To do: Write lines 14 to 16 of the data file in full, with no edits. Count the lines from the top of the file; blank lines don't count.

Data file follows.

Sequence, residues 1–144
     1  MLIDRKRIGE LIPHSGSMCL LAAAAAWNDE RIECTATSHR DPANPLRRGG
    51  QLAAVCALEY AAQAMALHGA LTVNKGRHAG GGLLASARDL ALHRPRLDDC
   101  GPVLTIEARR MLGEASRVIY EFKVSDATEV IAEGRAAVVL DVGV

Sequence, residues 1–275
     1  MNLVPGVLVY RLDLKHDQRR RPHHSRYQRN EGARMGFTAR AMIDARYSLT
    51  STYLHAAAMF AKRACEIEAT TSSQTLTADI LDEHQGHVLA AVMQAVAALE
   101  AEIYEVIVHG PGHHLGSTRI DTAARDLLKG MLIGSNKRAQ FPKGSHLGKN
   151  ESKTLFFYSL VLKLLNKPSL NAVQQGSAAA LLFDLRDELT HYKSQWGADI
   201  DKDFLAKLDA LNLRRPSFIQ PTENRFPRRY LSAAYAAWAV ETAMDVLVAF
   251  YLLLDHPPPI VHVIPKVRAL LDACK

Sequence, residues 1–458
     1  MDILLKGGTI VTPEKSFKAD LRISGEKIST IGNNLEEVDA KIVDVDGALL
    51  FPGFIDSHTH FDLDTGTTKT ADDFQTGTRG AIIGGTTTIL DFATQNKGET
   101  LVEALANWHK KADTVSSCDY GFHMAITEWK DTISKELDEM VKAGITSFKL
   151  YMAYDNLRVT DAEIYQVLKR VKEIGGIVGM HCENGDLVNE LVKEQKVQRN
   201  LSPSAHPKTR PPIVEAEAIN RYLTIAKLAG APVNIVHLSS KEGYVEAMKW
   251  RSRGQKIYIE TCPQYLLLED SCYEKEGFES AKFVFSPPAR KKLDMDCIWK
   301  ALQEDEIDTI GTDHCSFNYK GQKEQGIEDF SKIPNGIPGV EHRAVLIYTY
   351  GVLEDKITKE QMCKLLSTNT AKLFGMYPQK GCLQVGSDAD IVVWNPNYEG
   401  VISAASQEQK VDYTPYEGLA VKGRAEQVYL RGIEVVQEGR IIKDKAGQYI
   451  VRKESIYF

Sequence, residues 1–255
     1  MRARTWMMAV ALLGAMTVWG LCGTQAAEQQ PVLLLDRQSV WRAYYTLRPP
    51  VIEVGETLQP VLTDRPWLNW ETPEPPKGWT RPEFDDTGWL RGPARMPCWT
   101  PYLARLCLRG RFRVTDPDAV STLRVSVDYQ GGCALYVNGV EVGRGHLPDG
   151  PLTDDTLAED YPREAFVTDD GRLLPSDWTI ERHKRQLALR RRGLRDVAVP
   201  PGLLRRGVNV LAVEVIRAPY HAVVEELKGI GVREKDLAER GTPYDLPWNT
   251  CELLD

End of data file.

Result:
    51  FPGFIDSHTH FDLDTGTTKT ADDFQTGTRG AIIGGTTTIL DFATQNKGET
   101  LVEALANWHK KADTVSSCDY GFHMAITEWK DTISKELDEM VKAGITSFKL
   151  YMAYDNLRVT DAEIYQVLKR VKEIGGIVGM HCENGDLVNE LVKEQKVQRN